I stumbled upon two research papers that discuss the involvement of middle-aged males in skateboarding. They helped me get a better understanding of the conservatism of members of the community on various equipment-related topics.
Willing I, Bennett A, Piispa M, Green B. Skateboarding and the ‘Tired Generation’: Ageing in Youth Cultures and Lifestyle Sports. Sociology. 2019;53(3):503-518. doi: 10.1177/ 0038038518776886 took a qualitative look at a promotional video for a brand aimed at older skateboarders. Abstract:
This article extends current discussions of ageing through a study of the continuing involvement in skateboarding of individuals who are no longer young adults. We qualitatively examine The Tired Video which features older and mostly middle-aged male skaters as our case study. This is done in light of discourses of ageing and a lack of studies examining how older participants remain involved in lifestyle sports typically associated with youth and risk. Our findings reveal four main processes, which we argue assist older skaters to establish an ongoing sense of inclusion in skateboarding. These are modification, dedication, humour and homage. Our study can also contribute insights to other scenes that have reached a ‘coming of age’ where they no longer accurately fit the description of being a youth culture alone, and the need to redirect thinking about ageing away from notions of imminent departure and deficit over to positive adaptations.
Another interesting paper based on ethnological research is: O’Connor P. Beyond the youth culture: Understanding middle-aged skateboarders through temporal capital. International Review for the Sociology of Sport. 2018;53(8):924-943. doi: 10.1177/ 1012690217691780. Abstract:
[T]his research presents an analysis of the experiences of middle-aged skateboarders. Through qualitative interviews, ethnographic observation, and discourse analysis of skateboard media, skateboarding is revealed to be an integral part of the biographies and identities of middle-aged skateboarders. These accounts challenge the imaging of skateboarding as a youth culture and indicate that age and time have an important currency to skateboarders. The value of age is not confined to middle-aged skateboarders but is also observable in skateboard media which corresponds with the values held more broadly in skateboard culture. The concept of temporal capital is proposed as a way to make sense of the experiences of middle-aged skateboarders, highlighting how time is at once a path to subcultural authenticity, but also a resource to be managed and scheduled for their continued engagement in skateboarding.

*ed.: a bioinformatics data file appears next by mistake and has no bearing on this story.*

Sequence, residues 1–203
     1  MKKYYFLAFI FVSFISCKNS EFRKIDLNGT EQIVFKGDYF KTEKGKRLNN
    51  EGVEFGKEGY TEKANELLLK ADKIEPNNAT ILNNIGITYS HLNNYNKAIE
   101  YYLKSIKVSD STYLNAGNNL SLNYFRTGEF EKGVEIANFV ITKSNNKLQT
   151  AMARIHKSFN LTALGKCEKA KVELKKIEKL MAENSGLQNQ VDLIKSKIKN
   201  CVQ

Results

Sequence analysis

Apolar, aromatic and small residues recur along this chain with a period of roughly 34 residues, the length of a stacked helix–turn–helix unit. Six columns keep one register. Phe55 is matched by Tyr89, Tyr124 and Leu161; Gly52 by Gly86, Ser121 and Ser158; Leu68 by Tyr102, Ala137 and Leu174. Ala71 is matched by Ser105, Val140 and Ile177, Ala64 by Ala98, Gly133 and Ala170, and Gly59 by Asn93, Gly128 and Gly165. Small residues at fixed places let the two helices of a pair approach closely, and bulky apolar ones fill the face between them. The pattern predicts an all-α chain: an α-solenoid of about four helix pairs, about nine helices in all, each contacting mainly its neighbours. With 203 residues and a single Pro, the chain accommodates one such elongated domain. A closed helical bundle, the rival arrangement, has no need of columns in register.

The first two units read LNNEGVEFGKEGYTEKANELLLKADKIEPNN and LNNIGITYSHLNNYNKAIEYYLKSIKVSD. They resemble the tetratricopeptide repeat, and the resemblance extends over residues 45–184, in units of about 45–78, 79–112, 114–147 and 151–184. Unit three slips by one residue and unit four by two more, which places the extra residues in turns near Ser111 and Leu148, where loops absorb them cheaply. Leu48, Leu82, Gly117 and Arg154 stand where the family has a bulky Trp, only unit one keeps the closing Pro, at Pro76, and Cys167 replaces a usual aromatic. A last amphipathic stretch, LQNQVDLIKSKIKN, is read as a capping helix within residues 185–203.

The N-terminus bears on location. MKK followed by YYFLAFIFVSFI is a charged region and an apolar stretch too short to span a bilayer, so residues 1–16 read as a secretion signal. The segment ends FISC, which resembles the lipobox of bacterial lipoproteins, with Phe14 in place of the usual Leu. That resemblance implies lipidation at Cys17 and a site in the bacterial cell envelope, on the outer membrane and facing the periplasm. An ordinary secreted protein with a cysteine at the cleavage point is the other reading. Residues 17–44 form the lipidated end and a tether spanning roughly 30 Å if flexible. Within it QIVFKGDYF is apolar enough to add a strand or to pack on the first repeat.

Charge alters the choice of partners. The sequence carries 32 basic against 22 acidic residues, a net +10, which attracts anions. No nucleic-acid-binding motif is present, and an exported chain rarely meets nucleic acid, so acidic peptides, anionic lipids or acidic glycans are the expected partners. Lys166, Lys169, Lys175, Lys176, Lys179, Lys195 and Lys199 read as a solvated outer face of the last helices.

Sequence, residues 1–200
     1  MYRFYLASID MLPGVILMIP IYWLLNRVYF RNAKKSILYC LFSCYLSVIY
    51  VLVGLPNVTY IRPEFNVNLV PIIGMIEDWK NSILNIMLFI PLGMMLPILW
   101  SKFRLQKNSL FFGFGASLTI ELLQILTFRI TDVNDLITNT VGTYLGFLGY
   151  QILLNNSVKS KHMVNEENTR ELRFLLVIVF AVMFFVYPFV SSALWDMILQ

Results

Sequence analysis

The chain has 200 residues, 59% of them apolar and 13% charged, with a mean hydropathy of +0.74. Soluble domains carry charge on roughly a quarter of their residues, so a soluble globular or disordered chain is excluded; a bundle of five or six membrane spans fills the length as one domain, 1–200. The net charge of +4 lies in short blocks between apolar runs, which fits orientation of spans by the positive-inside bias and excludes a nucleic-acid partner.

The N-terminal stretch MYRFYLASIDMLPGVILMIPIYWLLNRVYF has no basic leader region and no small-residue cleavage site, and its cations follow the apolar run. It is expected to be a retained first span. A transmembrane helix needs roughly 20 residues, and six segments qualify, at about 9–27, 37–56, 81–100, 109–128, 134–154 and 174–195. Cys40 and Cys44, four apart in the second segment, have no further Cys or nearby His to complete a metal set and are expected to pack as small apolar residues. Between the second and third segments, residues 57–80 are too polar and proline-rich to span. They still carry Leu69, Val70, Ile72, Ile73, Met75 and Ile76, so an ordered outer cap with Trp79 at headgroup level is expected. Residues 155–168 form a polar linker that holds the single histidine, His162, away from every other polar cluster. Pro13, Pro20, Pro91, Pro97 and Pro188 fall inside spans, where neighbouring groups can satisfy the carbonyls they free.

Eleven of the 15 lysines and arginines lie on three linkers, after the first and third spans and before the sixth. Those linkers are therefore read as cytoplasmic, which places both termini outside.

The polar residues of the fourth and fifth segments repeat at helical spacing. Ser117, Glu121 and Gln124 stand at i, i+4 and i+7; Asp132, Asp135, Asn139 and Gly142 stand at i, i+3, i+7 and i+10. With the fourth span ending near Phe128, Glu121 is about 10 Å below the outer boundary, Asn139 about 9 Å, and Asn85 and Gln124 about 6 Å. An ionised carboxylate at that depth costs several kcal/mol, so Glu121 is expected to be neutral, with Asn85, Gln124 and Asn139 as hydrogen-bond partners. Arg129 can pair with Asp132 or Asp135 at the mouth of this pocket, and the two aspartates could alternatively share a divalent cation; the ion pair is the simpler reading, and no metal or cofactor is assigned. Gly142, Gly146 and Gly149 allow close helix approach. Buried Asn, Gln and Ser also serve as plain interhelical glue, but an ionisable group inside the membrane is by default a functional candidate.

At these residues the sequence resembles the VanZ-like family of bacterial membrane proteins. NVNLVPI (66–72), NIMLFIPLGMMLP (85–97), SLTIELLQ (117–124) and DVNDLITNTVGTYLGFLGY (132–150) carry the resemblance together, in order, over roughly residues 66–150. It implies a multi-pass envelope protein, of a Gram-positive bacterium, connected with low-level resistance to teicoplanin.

Both papers point out that a way older skaters retain their street credibility is through insider knowledge of the conventions of the subculture. In LDP, where the currency is equipment, rather than tricks and style, I notice an extreme persistence in and reverence for pieces of equipment that carry a certain aura of authenticity, such as Bennett Vector (whose hype dates all the way back to the 70s) or Dont Trip Poppies (whose hype is recent, probably connected to the formidable “Ultra-skate” race and a sponsorship by Dont Trip of the foremost LDP athlete, Andrew Andras – more on this here). Also, I notice a disdain for factual reality and a preference for viewing reality through emotional lens. I can find numerous quotes that exemplify this, but I’ll choose one by the major influencer of this sub-discipline of skateboarding, James Peters (the owner of the Pavedwave site and by some accounts “godfather” of LDP), who explicitly prioritizes feeling over logic:
“All math equations aside, one thing I feel is different on ride feel of 0 degree rear versus a dewedged rear, is that some dewedge in the back gives the feeling of digging into and snapping out of turns more like when you’re going edge to edge on a snowboard. [reference]
I believe that, if it’s true what the research claims, i.e., that middle-aged skaters are after “a sense of community and personal sense of mental well-being that does not decrease with age and may even be more valued with time” (Willing et al., 2019), then the stakes are very high for these individuals. If insider knowledge of skateboard conventions equals disregard for logical arguments along with equipment totemism (e.g. for Bennett Vector), then cognitive dissonance is unavoidable.